In addition to the boatyard, he also had a small farm, did at least some commercial fishing and ran a general store.
The store was apparently his downfall. According to Mrs. Carawan, her father was overly generous in extending credit to local farming and fishing families when they were going through hard times– and there were a lot of hard times in Hyde County in the late 1800s.
Eventually too many of his customers could not pay their bills. When they could not pay him, he could not pay his suppliers in Baltimore.
Nal Midyette and his family left Engelhard in 1921. They moved to Pantego, a small coastal town in Beaufort County.
According to his daughter, the family relocated to Pantego so that her father could take a job at the Hackney Wagon Company, a large carriage and wagon maker whose main factory was in Wilson, N.C.
In addition to making carriages and wagons, the company evidently built a small number of yachts at a boatyard on Pantego Creek.
According to Earl’s interview with Mrs. Carawan, Capt. Nal built yachts at the Hackney boatyard during the last part of his career. He may have built or re-built other types of boats on the side. However, we have no record of him building shad boats after he left Engelhard.
The Wreck of the Milton S. Lankford
Nal Midyette died at sea in 1932, when he was 64 years old. The story of his death was tragic and his daughter clearly still felt anguish over his loss when she talked with Earl half a century later.
According to Mrs. Carawan, the accident happened on a voyage from Elizabeth City to Baltimore. Her father was on a small auxiliary (gasoline) schooner named the Milton S. Lankford, a craft built in Maryland but which Midyette had purchased and had just redone the interior.
On that voyage, the Milton S. Lankford’s crew included two of his sons and three other men.
They were carrying a cargo of 3,500 watermelons at the time. According to one account, Capt. Nal had only joined his sons so that he could visit a friend in Baltimore that he had not seen in many years.
The Milton S. Lankford was in heavy seas four miles off Smith’s Point, at the mouth of the Potomac River, when the Old Bay Line steamer State of Maryland collided with her. It was one o’clock in the morning.
One of the survivors later said that Capt. Nal was at the wheel at the time.
The collision shattered the Milton S. Lankford’s hull and she capsized and broke in two. Another vessel’s crew rescued one of Capt. Nal’s sons and three others, but Capt. Nal and another of his sons perished at sea.
A Boat Builder’s Legacy
In Earl’s interviews, Nal Midyette stands out as one of the most exceptionally gifted builders of shad boats.
As I mentioned earlier, a number of those old boat builders and fishermen spoke of Midyette’s boats in almost reverential terms.
Earl’s uncle, Joe Meekins, for instance, was born in 1892 and built shad boats in his younger days. On one of the occasions when he and Earl discussed shad boats, he praised George Washington Creef’s boats but clearly put Nal Midyette on the same pedestal that he did Creef.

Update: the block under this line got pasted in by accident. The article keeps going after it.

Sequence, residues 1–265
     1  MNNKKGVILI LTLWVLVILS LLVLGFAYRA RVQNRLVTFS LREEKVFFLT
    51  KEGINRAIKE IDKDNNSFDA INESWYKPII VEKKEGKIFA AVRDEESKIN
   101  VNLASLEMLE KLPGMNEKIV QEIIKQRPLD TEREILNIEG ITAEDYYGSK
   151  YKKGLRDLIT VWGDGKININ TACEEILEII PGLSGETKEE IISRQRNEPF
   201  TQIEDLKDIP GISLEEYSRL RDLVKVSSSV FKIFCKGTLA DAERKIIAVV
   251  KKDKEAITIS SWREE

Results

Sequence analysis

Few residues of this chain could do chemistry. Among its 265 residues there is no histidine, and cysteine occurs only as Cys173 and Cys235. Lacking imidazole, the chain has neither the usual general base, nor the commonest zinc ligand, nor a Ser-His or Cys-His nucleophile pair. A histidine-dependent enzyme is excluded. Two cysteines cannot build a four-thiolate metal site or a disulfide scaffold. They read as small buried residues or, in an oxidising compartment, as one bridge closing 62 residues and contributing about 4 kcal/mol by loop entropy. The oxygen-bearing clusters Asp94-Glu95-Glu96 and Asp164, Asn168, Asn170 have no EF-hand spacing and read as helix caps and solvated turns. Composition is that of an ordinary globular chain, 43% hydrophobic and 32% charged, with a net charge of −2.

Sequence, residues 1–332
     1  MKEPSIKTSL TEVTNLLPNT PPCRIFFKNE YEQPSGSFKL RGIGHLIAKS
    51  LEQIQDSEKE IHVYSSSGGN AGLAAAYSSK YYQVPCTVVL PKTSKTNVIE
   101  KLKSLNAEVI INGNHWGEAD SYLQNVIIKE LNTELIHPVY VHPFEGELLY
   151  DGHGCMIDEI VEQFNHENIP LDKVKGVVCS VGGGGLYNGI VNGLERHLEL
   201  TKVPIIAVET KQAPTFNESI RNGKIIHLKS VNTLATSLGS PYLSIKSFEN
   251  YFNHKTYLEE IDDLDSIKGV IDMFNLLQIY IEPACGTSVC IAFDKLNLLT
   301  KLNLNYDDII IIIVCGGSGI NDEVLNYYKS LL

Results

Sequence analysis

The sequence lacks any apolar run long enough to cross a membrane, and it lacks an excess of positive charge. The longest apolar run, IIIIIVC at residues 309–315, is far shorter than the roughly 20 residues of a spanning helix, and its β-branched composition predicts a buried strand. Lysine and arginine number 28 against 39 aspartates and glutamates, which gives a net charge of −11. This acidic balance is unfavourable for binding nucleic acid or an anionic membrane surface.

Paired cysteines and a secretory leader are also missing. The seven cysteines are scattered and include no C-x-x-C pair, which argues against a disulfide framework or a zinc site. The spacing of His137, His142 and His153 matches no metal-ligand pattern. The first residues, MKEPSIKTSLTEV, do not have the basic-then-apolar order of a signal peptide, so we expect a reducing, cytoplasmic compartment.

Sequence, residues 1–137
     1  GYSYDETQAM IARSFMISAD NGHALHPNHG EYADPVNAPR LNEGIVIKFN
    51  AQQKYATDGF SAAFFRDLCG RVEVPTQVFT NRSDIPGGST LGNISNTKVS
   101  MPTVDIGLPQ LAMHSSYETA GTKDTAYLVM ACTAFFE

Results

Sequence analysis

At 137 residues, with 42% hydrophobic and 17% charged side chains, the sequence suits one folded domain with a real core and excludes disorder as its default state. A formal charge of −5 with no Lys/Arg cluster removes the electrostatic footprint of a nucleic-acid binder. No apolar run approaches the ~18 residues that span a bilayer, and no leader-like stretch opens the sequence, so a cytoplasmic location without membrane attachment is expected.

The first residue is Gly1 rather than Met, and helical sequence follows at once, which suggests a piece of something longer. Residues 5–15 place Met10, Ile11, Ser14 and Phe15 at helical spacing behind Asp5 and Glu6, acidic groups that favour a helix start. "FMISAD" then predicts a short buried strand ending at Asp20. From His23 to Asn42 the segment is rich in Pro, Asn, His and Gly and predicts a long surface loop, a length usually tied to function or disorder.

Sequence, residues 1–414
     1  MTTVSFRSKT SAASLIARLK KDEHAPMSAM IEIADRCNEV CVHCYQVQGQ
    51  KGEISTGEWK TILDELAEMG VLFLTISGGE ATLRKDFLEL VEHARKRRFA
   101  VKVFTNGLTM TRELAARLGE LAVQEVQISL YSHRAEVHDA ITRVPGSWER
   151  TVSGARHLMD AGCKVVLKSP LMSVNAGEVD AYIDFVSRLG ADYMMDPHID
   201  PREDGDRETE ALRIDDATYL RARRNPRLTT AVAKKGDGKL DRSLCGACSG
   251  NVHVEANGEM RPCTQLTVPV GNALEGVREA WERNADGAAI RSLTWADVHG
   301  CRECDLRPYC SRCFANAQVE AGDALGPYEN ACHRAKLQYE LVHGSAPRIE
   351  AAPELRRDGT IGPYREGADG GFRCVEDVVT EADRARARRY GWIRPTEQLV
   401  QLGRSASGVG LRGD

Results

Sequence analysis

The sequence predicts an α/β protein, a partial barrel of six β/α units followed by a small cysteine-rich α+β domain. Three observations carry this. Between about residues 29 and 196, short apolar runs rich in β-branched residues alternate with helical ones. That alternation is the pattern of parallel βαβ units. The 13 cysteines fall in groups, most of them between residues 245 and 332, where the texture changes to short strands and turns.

Meekins even said that one of Nal Midyette’s shad boats, the Nal Midyette, named after the master boat builder, was the fastest shad boat that he ever saw.
Other boat builders and fishermen praised Midyette’s boats no less. Repeatedly they singled him out for building fast, well-made and graceful boats.
One of those fishermen, John Herbert of Hatteras Island, said flat out: “Nal Midyette was the champion shad boat builder.”
Herbert and others recalled that Midyette’s boats proved to be formidable competitors in the shad boat races that fishermen held in the waters around Roanoke Island in the summertime.
Herbert told Earl that he won many a race in his Nal Midyette-built shad boat when he was a young man. He even claimed that other fishermen didn’t welcome his boat or others built by Midyette at those races.
According to Herbert, other fishermen didn’t want to race against a Nal Midyette-built boat!
Racing from Duck Island to Stetson’s Channel
In the summertime, the local fishermen raced their shad boats with gusto in the waters around Roanoke Island. If the weather was good and the wind blowing hard and steady, they’d sometimes race 2 or 3 times a week.
On those occasions, crowds gathered on the shore, wagers were laid and a great deal of fun had.
One of Earl’s sources, Vernon Gaskill, recalled that a popular racecourse ran from a buoy at Duck Island, south of Roanoke Island, to Stetson’s Channel, next to the Bodie Island Lighthouse.
Another old-timer, John Herbert, the fisherman in Rodanthe, on Hatteras Island, used to race his Nal Midyette-built shad boat on the Pamlico Sound. He recalled that he and the other fishermen especially enjoyed racing in a good blow.
They knew they had special boats, and they wanted to see what they could do. With their boats heavy in sand bag ballasts, they brought out their goose wings and flying jibs and headed out into the sound in search of glory.